Why Do Some Asians Aspire to Western Ideals of Beauty?

1a44cb56679d2ae5d53c1fde10a681faThere is no denying that a huge influence of Caucasian beauty ideals is absorbed by Asians. There are some that are really a pet peeve for me and others that I can understand. Others are unrelated to Western standards, and are simply the way someone wants to look like. Of course, there is some generalisation, but there is certainly a massive influence from the Western Ideal of what beauty is. In a previous article that you can read here, I talked about how there were hardly any racial diversity in model agencies. Sure, there was one or two Asian of African American models, but it wasn’t enough. In a way, it’s degrading and denotes us as less important. The definition of beauty is so distorted and unrealistic as it defines beauty as being picture perfect, naturally filtered and edited to perfection.

Not going to lie, there are moments when I return to Asia, I feel that in many aspects it can be very shallow – likewise when I’m in a Western country cos let’s face it, shallow people are everywhere. But, it’s more or less that the Advertisement doesn’t talk about embracing the Asian features so much, but avoiding it. How to achieve bigger eyes with circled or coloured lenses. Get a double eyelid look with tape that will make you look more ‘attractive’. Wear false lashes to feel ‘beautiful’. Have flawless white skin, a V-shaped chin and a thin nose. It’s troubling how many people go towards altering their body in order to look a certain way. I still stick to what I say in expressing that everyone has the freedom to make their own decision, but when we are changing ourselves to fit a standard, why do we do this?

In Asia it is a compliment when someone tells you that you looked mixed or foreign. It usually implies that they think you look attractive. But what I find when people say that, is the implication that Asian beauty is not as attractive, which just isn’t the case. Society cashes in on the dissatisfaction of our self image, by communicating through the media that we aren’t good enough. It is sad that society has a crushingly huge emphasis on women having to be ‘pretty enough’ to go far in their career and in their life. In terms of small eyes, I think Almond eyes are beautiful – if we were all to strive for big eyes, thin chins and white skin wouldn’t we all look the same?

12 thoughts on “Why Do Some Asians Aspire to Western Ideals of Beauty?

  1. Love this post!
    On a side note, when i visited taiwan, i was told that i looked mixed which i found quite amusing. Where you grow up also shapes how you look and carry yourself, so i guess that was it.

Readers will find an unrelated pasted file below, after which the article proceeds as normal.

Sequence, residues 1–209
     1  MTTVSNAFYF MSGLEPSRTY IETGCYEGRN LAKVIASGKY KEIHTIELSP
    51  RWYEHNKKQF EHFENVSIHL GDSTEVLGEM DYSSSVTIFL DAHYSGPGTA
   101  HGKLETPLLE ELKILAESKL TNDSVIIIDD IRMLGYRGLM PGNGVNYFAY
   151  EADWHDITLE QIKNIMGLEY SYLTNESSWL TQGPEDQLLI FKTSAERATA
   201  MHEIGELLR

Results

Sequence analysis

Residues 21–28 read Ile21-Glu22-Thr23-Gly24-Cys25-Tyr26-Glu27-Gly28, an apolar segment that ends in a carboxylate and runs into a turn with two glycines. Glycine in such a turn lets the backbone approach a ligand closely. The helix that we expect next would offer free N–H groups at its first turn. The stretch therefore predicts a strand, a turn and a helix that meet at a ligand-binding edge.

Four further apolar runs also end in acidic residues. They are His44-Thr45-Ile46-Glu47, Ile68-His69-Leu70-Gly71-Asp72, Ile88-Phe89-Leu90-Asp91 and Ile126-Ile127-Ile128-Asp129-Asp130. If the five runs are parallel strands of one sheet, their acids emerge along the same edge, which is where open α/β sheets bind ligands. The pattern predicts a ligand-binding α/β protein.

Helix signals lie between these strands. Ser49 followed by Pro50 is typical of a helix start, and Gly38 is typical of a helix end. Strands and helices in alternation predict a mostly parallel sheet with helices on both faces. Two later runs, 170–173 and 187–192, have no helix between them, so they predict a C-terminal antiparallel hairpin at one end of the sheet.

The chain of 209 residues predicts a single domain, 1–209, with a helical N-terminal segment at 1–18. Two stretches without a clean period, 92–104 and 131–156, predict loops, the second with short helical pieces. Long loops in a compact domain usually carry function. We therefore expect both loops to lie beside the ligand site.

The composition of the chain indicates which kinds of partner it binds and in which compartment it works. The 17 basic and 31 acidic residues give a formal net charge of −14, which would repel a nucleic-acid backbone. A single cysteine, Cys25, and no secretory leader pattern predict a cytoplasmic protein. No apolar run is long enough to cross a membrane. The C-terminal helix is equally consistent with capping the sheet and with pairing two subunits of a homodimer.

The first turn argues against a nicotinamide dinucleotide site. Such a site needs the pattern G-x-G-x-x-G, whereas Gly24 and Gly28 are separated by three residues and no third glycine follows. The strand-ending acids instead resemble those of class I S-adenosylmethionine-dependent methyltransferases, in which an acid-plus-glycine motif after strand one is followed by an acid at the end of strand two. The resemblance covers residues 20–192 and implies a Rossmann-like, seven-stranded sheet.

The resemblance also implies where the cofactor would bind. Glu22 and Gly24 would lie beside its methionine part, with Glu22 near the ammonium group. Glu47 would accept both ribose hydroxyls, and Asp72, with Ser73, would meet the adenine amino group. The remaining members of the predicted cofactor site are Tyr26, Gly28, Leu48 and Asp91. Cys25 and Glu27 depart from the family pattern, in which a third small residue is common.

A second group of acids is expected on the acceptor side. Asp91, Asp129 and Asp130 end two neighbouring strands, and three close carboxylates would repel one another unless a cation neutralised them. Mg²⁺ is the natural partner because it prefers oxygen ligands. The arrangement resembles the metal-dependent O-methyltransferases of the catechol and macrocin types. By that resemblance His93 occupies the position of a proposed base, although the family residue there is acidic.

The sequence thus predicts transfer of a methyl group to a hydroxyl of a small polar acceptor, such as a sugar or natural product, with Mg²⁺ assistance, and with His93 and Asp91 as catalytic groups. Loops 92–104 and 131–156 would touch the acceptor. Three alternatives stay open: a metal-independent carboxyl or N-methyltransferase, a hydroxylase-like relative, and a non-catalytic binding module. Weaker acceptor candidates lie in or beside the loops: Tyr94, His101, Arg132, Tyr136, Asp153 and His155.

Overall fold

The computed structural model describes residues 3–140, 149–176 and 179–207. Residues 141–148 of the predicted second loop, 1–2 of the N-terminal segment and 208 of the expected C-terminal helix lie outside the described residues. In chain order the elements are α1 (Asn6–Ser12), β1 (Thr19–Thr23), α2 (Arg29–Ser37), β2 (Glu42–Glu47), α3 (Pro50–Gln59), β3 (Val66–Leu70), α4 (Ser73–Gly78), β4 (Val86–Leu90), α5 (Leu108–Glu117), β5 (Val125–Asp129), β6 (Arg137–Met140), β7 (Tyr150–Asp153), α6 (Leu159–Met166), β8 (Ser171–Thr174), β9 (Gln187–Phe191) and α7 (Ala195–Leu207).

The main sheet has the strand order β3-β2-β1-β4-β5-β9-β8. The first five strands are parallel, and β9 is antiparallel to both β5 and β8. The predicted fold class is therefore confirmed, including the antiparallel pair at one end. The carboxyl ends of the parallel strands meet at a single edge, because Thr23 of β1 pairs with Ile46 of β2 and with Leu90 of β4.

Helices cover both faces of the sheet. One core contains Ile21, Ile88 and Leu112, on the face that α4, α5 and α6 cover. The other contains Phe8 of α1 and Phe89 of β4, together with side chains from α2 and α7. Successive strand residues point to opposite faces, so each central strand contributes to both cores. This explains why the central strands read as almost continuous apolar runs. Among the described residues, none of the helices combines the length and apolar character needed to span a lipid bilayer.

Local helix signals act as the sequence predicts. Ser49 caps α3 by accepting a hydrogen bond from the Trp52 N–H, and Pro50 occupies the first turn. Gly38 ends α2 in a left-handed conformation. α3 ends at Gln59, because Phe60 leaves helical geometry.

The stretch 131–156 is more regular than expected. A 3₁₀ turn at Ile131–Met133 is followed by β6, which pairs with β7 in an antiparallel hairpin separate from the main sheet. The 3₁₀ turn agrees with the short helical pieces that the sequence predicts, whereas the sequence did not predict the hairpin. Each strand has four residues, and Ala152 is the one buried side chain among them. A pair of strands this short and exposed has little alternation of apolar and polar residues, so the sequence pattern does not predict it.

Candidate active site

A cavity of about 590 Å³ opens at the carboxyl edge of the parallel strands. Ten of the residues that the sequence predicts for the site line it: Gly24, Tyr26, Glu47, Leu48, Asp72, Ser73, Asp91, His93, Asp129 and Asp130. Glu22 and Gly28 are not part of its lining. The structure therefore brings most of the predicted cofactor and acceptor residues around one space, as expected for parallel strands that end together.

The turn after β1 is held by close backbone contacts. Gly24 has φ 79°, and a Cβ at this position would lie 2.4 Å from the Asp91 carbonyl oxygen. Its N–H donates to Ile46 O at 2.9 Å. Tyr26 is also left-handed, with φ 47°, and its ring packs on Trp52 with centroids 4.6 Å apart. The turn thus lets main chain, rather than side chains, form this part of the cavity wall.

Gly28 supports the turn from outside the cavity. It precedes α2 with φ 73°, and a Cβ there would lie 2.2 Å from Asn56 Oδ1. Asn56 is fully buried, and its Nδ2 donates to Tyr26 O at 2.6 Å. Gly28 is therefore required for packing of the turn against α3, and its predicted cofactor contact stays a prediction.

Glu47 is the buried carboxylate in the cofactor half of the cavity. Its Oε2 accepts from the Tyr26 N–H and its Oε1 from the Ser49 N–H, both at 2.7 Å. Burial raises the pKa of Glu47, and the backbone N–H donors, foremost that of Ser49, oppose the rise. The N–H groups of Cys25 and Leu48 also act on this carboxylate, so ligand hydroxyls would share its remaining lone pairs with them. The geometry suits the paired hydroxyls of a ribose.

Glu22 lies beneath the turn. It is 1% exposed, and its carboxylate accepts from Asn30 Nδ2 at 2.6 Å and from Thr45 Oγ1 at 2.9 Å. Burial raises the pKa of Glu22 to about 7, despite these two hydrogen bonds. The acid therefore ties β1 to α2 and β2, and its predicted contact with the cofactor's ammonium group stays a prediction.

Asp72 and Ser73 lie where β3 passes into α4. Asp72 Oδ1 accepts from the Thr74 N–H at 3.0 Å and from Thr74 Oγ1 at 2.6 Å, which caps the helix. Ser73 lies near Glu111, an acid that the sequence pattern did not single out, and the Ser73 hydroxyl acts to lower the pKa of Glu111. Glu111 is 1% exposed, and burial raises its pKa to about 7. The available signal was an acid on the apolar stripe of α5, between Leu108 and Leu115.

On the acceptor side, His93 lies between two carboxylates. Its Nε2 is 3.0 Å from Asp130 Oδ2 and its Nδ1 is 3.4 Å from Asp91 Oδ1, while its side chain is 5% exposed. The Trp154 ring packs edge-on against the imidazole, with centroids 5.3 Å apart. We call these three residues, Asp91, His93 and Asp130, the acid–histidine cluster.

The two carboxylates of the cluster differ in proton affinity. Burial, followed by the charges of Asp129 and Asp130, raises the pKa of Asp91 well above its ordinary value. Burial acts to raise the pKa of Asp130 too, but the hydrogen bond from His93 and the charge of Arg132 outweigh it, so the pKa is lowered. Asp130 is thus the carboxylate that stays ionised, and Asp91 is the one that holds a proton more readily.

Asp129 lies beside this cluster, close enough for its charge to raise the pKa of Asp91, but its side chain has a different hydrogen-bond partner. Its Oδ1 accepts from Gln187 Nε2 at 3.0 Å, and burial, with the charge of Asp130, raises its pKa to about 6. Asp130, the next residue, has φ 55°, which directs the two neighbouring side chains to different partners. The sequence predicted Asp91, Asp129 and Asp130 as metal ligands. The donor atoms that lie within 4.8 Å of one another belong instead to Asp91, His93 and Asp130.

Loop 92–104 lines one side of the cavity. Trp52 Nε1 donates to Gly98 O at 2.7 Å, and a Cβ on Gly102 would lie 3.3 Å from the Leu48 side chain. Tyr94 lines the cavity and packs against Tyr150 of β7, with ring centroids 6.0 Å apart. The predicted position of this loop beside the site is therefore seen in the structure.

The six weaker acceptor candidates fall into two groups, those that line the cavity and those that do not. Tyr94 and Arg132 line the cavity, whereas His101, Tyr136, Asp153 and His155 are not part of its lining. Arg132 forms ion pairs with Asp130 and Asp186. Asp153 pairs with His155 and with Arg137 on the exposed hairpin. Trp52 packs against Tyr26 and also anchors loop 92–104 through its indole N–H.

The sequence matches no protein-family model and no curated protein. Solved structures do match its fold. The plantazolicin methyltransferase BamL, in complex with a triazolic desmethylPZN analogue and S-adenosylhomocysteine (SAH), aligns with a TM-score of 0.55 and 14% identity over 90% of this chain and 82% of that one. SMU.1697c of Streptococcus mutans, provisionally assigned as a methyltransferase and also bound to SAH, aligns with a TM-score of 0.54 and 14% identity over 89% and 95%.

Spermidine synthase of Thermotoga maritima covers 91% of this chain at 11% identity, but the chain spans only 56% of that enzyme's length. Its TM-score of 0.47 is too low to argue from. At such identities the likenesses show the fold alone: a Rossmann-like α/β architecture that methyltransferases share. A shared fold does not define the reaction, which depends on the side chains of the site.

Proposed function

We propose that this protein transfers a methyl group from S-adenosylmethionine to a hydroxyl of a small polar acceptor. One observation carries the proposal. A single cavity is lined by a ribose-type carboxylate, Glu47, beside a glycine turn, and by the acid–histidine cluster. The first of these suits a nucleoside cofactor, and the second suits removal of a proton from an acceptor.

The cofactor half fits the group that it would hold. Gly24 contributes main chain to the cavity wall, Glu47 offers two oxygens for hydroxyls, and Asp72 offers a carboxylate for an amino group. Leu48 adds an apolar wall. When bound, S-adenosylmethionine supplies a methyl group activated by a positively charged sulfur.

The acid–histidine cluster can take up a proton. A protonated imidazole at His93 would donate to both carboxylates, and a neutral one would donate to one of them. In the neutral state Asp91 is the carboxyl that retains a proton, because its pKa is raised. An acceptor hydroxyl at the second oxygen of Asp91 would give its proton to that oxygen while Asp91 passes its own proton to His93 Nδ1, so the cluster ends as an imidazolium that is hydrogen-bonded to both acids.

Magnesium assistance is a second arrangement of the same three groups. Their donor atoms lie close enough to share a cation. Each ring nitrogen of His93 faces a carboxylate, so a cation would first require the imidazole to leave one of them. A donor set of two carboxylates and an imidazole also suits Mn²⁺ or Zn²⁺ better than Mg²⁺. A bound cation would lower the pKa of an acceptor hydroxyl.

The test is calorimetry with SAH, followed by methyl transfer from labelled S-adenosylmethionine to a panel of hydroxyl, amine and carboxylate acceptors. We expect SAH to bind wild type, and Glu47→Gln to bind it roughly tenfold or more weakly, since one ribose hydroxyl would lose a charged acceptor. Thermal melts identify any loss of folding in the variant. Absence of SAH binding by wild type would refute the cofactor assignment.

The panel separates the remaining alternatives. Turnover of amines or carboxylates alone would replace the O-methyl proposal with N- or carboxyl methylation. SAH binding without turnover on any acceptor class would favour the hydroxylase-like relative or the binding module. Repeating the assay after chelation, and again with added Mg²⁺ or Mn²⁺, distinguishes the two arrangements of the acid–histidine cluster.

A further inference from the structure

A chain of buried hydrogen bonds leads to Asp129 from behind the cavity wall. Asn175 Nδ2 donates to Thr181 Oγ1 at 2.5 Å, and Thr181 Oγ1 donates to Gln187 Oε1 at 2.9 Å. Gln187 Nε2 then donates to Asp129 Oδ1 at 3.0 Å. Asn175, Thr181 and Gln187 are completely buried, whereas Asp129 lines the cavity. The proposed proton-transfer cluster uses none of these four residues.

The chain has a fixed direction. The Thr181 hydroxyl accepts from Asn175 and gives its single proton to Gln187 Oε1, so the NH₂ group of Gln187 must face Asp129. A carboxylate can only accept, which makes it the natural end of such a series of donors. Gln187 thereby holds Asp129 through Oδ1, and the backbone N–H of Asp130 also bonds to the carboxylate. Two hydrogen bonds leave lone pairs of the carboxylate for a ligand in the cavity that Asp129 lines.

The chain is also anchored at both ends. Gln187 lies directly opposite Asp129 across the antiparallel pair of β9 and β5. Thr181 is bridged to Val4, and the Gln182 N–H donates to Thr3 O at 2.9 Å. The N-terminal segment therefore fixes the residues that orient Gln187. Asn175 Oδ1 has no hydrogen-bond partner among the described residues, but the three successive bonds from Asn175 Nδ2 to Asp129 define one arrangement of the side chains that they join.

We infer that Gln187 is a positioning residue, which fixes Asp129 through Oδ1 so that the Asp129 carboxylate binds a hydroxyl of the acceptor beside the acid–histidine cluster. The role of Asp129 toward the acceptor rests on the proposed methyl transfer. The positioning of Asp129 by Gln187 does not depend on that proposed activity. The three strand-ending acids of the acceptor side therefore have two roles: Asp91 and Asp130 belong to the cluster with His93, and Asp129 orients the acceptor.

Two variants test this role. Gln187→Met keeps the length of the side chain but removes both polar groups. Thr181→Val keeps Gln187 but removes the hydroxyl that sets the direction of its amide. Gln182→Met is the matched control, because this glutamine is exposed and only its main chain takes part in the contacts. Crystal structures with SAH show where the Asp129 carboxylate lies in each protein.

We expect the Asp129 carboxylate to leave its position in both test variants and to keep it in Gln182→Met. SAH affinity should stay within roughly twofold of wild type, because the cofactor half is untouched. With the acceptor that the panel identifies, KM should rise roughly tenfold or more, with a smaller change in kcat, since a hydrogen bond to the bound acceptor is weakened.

1. Thank you :) Indeed a compliment! I hope you enjoyed your time in Taiwan. I definitely think so, you said it so well – how you look and carry yourself.

  2. I was too struck by this when I went to Japan last year. I was also struck by the many beautiful women I saw there. On the other hands I do think Korean beauty and makeup trends are becoming a big hit with Western girls, and I hope this kind of fusion continues! I think it’s great if we can take a little something from all cultures xx


    1. Hi Abby – thank you for sharing your experience. Japan is still on my checklist of countries to travel to! Ah for sure. Not to mention, they have amazing skincare and makeup products! X

  3. Excellent post, Katie. “In Asia it is a compliment when someone tells you that you looked mixed or foreign” Sadly, this is very much true. Although many of us are more open-minded about the acceptance of different cultures and customs today, sadly in Asia Western beauty trends tend to be favoured. I remember flipping through a few magazines in Singapore some years ago and I’d see advertisement after advertisement for skin whitening treatment and bust enlargements. Most of the models in these ads were Asian, but had fair skin, bug round eyes and long lashes.

    I think a lot of us are in this mentality where we want what we don’t have. Or some of us could probably aspire to Western beauty ideals because that is what we have always been taught to achieve.

    1. Thank you Mabel :) It does seem to be very integrated into advertisements and the media in general, however I hope we can embrace all beauty, but I feel that the media feeds off a lot of negativity. I remember when I was in Taiwan as a young girl, there were always many family and friends that would tell me and my sister that we were too tanned or dark. It was really made out to be a bad thing, when it really isn’t. I really agree with what you said, how we often want what we don’t have, when really we all have something beautiful that is special to our own.

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